News   |   Sign Up   |   A LEVER FOR SCALE

Massachusetts Shows the Power of a Big, Trust-Based Coalition 

In Massachusetts, early childhood advocates across the state are collaborating like never before  to build a new, stronger early childhood system. This historic project, which is hosted by Strategies for Children, is The Early Childhood Agenda.

Many factors contributed to the launch of The Agenda, including the pandemic. When the spread of COVID shut down child care programs and much of the rest of the world, Strategies began hosting what came to be known as The 9:30 Call, a daily Zoom meeting about program closings and openings, evolving pandemic regulations, concerns from early educators, and updates from policymakers. 

The pandemic ebbed, but The 9:30 Call persisted. Strategies brought new expertise to the network in challenges like food insecurity and health care, often by connecting with other nonprofits, coalitions, and state officials, and inviting them to speak on the call. The 9:30 Call also showed that Zoom and other software could be used to host statewide conversations. And these conversations could be used to share and solve problems, to advise policymakers, to devise a new, stronger vision of a statewide early childhood system.

In 2021, the team from Strategies for Children was working with consultant Sally Sharp Lehman to update the organization’s strategic plan, and a clear theme in this process was that Strategies should continue and build on its role as a statewide convener.

This led, in September 2022, to the launch of The Early Childhood Agenda, a first-of-its-kind effort to bring together “hundreds of parents, providers, advocates, and community partners to discuss the state’s pressing early childhood challenges and propose effective, family-centered, sustainable solutions.” 

Strategies worked with Northeastern Professor Kim Lucas to design and test an in-person pilot approach to convening a large group. The next step was to move the pilot to a virtual setting so that anyone anywhere in the state could participate. This conversation led to the creation of working groups and a 10-item list of priorities.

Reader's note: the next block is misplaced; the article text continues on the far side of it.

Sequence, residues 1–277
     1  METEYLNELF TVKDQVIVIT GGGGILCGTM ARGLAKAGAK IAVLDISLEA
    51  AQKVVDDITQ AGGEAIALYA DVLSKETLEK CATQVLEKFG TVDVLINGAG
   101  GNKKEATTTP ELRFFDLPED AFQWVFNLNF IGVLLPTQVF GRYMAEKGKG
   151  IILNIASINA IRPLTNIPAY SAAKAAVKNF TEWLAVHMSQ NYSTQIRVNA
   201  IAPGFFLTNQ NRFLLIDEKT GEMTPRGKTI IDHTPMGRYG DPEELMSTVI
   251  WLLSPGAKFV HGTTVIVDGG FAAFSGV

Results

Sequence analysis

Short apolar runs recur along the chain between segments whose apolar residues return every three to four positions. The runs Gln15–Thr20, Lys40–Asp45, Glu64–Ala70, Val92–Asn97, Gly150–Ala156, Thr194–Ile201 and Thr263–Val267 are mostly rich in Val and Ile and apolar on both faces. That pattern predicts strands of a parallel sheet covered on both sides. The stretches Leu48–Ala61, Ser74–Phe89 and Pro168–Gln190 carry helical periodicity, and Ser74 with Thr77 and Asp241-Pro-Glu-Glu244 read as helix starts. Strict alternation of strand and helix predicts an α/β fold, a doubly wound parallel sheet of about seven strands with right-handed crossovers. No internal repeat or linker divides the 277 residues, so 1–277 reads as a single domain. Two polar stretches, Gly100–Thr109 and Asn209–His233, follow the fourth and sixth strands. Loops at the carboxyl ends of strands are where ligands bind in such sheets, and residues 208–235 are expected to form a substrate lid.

“We wanted to be able to say that Strategies collectively supports this comprehensive vision for children and families, without everyone having to agree on every individual part of the plan,” says Amy O’Leary, Strategies’ executive director. “That’s one of the lessons learned, that we don’t have to focus solely on negotiating what policies to support. We can also rely on experts to develop a larger vision. We talk about power-sharing, but this is about knowledge-sharing, about valuing expertise.”  

To succeed, the Agenda has had to achieve two goals: include everyone and build trust by including everyone’s ideas. 

“This is something we heard a lot in our conversation with the Alliance for Early Success,” Marisa Fear, Strategies’ director of policy, says. “It’s important to shift away from having conversations with the usual suspects who have always held power in organizations and focus on people who are actually impacted by the issues and who have that lived experience.”

Strategies wants to ensure that the people who are closest to children—parents and providers—are at the center of the conversation. To achieve this, Fear and other Strategies staffers spent time recruiting lived experience leaders such as parents and early childhood providers. Agenda meetings also included the use of software that let everyone contribute.